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Alaska isn’t wrong to look for savings. But here’s why private prisons are a bad bet.

  • Author: Anchorage Daily News editorial board
    | Opinion
  • Updated: January 31, 2020
  • Published February 1, 2020

The seclusion area at Palmer Correctional Center, on Wednesday, Nov. 8, 2016. (Loren Holmes / ADN)

As of late January, a plan by Gov. Mike Dunleavy’s administration to send Alaska prisoners to out-of-state prisons is dead again. That’s the correct move after nearly a year of debate about the plan’s merits. In proposing to reverse nearly a decade of state corrections policy by shipping prisoners Outside, proponents hoped to reduce costs and bring prison space online more quickly than the Legislature’s plan to reopen Palmer Correctional Center. But ultimately, it just didn’t pencil out. It’s a better-late-than-never situation: The state eventually came to the right conclusion. But time has been spent without progress toward solving the problem of Alaska’s overcrowded and understaffed prisons, and the Department of Corrections will have its hands full addressing those issues.

The history of Alaska’s state government and private prisons is long and fraught. For years in the late 1990s and early 2000s, an amalgam of interests, including the infamous VECO Corporation, tried to get the state on board with a proposed for-profit prison to be built in Alaska. The plan withered due to strong opposition from residents and legislative pushback against its lobbyists’ strongarm tactics. By 2005, the plan was dead, but Alaska had suffered for the decade the state had spent flirting with the idea: Because the private prison plans siphoned money and attention away from plans for new state-run facilities, Alaska’s prisons were overfull and poorly maintained by the time the state backed away from privatization.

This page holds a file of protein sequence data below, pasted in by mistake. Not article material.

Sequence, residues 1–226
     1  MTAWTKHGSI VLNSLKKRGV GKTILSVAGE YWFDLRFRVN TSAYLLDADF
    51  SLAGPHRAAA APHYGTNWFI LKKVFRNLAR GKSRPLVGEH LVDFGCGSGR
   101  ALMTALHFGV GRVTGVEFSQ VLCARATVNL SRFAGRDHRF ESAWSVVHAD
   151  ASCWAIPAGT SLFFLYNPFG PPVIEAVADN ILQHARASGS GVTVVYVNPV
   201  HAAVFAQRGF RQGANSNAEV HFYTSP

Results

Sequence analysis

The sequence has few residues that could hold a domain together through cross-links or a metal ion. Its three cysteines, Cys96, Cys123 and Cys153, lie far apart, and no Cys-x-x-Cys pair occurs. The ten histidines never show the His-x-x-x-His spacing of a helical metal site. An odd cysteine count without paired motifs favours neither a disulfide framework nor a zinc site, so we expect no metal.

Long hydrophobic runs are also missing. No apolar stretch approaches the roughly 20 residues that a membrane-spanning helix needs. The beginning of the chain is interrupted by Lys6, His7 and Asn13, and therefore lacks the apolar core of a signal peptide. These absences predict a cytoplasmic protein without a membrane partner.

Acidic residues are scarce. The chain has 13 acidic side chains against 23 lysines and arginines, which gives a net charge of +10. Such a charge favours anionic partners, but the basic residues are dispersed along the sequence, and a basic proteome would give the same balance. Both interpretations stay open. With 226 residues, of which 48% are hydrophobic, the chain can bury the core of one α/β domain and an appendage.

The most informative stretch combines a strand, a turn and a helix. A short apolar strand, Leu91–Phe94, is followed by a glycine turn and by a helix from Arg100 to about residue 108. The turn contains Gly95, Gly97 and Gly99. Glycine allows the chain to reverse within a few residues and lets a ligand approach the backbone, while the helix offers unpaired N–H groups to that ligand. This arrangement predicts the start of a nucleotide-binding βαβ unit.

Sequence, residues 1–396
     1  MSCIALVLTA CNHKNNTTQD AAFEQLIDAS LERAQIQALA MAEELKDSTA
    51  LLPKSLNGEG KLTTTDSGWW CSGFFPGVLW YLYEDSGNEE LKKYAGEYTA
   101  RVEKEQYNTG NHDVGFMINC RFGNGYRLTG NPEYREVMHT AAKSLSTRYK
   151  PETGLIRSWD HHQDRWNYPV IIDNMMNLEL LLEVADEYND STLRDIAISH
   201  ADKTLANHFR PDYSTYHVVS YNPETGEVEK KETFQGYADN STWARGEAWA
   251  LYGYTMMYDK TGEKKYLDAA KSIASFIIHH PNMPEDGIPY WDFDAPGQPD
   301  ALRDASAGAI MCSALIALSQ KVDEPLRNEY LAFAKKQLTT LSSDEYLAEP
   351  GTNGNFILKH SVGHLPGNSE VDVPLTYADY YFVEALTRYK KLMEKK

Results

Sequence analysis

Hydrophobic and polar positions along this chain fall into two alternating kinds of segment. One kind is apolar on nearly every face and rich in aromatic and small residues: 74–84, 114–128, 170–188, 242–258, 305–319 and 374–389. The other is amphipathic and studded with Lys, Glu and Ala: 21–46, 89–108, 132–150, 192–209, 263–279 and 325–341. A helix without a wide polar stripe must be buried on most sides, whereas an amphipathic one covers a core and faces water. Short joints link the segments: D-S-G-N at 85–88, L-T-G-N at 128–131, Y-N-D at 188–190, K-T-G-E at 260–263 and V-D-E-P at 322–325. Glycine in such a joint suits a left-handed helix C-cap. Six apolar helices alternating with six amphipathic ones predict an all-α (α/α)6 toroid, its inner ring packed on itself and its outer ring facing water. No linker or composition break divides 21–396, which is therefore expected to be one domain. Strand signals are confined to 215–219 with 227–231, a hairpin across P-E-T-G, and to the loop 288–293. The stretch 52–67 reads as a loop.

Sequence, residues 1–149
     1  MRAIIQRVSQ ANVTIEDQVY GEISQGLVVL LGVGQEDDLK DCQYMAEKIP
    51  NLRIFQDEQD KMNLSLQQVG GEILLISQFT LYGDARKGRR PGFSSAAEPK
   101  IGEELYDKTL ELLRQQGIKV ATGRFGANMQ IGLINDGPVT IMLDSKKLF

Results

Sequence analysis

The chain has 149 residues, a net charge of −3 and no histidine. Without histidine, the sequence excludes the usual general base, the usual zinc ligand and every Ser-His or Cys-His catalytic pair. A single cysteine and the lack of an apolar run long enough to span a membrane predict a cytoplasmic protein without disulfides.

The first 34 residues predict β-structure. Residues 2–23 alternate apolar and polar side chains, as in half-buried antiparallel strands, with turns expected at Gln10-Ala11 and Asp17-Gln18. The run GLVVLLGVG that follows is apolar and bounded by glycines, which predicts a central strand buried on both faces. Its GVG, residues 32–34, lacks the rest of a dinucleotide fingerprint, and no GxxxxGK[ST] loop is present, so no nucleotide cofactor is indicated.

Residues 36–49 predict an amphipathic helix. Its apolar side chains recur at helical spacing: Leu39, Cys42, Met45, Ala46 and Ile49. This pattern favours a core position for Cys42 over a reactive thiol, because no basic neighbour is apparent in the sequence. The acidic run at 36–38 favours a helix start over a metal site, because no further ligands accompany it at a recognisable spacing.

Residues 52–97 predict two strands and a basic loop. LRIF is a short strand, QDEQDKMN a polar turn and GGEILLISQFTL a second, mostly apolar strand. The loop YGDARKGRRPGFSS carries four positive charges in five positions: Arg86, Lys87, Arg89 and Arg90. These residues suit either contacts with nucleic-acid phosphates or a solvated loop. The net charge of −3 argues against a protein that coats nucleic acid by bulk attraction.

In the meantime, the state had been sending its excess prisoners to prisons Outside, a solution that had its own major issues. Rehabilitation of prisoners sent to the Lower 48, to Arizona and later Colorado, suffered as prisoners couldn’t maintain family ties and lost the will to better their lot when they were released. The Outside prisons also acted as what some dubbed “criminal college”: Small-time Alaska prisoners would be shipped out of state, where they fell in with hardened criminals. In addition to their woeful recidivism rate, the prisons also became a pipeline for the establishment of prison gangs in Alaska. Seeing the writing on the wall, the state opted to build new prisons and bring prisoners back closer to home.

That was the state of affairs for nearly a decade — until last year, when Gov. Dunleavy and Department of Corrections Commissioner Nancy Dahlstrom announced they were looking into sending hundreds of inmates Outside again as a cost-cutting measure. Legislators balked at the idea, citing the failures the last time Alaska adopted the plan, but Dahlstrom said the Legislature’s plan — reopening Palmer Correctional Center to deal with a surge in prisoners after the repeal of Senate Bill 91 — would take too long and be too challenging to implement.

Dahlstrom is right that these are challenging times for DOC. There are close to 90 vacant prison staff positions within the department, to say nothing of all those needed to reopen Palmer Correctional Center. That’s why it’s good the department backed off of the private prison plan: Alaska can ill afford to waste any more time without developing more prison capacity. In these fiscal times, the administration is right to look for savings everywhere it can, but when they don’t pencil out, they should be dropped, as in this case.

The Department of Corrections is an area where the administration’s attempts to cut toward a more sustainable budget and its priority to improve public safety outcomes come into direct conflict. The hard truth is that repealing Senate Bill 91 means that more Alaskans will be in prison, and that means money must be spent on recruiting, training and retaining corrections officers, as well as renovating facilities used to handle the surge of inmates. And it should mean an increased focus on rehabilitation services — if Alaska’s previous experience with prisons has taught us anything, it is that those programs are essential for reducing prisoners’ likelihood of re-offending upon their release.

It all costs money, and it all takes time. The state has precious little of either to waste right now. That’s why it’s good that Gov. Dunleavy made the right decision: to back away from shipping inmates to private prisons Outside.

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